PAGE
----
What is the additional tag that effectively distinguishes a path from a road?

In my region, some mappers tend to be lazy and use only the highway tag. Changes like transitioning from highway=track to highway=path and vice versa without additional tags can cause confusion and potential inaccuracies.

Drawing on local knowledge, I make an effort to enhance these ways by incorporating additional tags. This not only serves as a form of education for other mappers but also contributes to maintaining quality control.

I also plan to train new mappers so I’m interested in determining the minimum tags required to address this issue.

Important: Questions below should read: “what is the additional tag …” and NOT “what is the primary tag…”

What is the primary tag that effectively distinguishes a path from a road?
  • width (<2)
  • trail_visibility
  • …other (include it as a comment)
0 voters
Conversely, what is the primary tag are essential for distinguishing a road from a path in the reverse direction?
  • width (>=2)
  • tracktype
  • lanes
  • smoothness
  • …other (include it as a comment)
0 voters

Note: I intentionally omitted legal access tags (motorcar=no, 4wd_only), as they should not be employed for this purpose unless explicitly signed.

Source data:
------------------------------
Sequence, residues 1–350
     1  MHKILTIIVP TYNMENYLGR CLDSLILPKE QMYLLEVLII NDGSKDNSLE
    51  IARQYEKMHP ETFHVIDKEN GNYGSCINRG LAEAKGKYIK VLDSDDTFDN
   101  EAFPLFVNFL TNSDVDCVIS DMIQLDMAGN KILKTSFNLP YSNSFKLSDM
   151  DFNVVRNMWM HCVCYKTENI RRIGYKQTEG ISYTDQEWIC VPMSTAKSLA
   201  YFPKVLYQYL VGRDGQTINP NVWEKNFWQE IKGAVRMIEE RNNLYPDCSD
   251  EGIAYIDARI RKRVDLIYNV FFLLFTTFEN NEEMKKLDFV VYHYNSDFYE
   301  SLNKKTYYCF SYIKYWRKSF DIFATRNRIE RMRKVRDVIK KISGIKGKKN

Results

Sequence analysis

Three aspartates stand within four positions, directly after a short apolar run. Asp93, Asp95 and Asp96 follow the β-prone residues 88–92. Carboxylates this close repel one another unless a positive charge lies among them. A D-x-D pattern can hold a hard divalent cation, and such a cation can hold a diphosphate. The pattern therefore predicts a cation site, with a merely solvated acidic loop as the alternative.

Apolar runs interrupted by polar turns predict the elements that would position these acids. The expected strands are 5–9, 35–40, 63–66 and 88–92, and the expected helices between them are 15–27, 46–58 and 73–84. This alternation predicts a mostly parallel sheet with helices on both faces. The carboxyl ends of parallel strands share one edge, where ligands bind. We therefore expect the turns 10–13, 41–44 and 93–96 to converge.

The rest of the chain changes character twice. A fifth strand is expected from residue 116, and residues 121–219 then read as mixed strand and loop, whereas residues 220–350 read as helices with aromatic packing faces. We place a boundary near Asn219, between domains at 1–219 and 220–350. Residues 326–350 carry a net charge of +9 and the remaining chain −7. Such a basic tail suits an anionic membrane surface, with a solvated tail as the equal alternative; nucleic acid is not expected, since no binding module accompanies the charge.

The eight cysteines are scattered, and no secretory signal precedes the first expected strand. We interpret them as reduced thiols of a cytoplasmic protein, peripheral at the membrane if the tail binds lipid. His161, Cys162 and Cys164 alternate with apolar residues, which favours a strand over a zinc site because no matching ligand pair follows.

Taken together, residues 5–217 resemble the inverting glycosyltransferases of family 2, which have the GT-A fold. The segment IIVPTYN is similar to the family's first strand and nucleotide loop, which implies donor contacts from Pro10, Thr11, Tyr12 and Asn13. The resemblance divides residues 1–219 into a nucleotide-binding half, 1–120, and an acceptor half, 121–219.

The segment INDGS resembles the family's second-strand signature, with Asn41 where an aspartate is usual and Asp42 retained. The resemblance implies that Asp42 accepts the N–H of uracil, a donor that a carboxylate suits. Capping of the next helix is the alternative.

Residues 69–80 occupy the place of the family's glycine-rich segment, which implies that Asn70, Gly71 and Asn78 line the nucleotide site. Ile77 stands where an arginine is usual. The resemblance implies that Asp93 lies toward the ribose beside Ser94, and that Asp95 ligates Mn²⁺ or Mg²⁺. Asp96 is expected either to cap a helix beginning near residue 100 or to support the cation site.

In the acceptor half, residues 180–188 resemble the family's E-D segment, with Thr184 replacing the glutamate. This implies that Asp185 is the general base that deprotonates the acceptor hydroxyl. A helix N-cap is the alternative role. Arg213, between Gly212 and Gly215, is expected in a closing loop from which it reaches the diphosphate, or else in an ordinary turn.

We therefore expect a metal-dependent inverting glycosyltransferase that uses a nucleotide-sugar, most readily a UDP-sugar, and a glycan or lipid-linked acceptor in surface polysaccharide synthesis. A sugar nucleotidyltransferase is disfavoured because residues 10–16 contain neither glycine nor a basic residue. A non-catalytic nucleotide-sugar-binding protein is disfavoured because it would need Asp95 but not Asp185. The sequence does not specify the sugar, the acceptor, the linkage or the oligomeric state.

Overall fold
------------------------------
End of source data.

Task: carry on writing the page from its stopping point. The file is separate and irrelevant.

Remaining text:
Primarily, I would have just said that roads are intended for cars, while paths are for pedestrians / cyclists.


I would have said that with “highway=” you already have the primary tag. Values of =path or =footway are paths in some sense, potentially used by bicycles as well as pedestrians in the case of path, but not normally by motor vehicles and usually too narrow for 4 wheel vehicles.

The other tags you mention I think are secondary, they can add useful extra information depending on context. For example I would not normally add trail_visibility to paths in an urban area unless a path is unusually hard to see. I do try to add surface and smoothness to paths and tracks, whereas for roads I would probably only do that if they are not asphalted. I don’t see width used very much where I map.

I wouldn’t describe mappers who only use the primary tag as “lazy”. It is important that they use that primary tag consistently and carefully, but beyond that, every mapper has their own priorities and some people might prefer to spend their time adding buildings or amenities than adding secondary tags to roads.


In router terms a path wont allow 2 track vehicles whereas track and up does. See quite a bit of path mapped by hikers which prevents motor_vehicles and yes tractors to reach their yards and fields that need rekeying. Grade 1 to 5 is important on track where absence assumes grade1 i.e hardtop. Grade 4-5 wont let road vehicles route over but agricultural vehicles are fine.
Width i rarely use, something hikers and mtb enter more often when it gets narrow i. e. on a path

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The question should rather be: “What is the distinguishing property between a track and a path”, because the primary tag is “highway” and additional tags are not necessary for this distinction.

Additionally, highway=path is used for very different kinds of paths, so it really matters whether there are signs (hence tagging like bicycle=designated) or not. In the case of designation signs (footway, cycleway, bridleway, combinations, etc.) these are the only relevant criterion, in the absence, width is the criterion.

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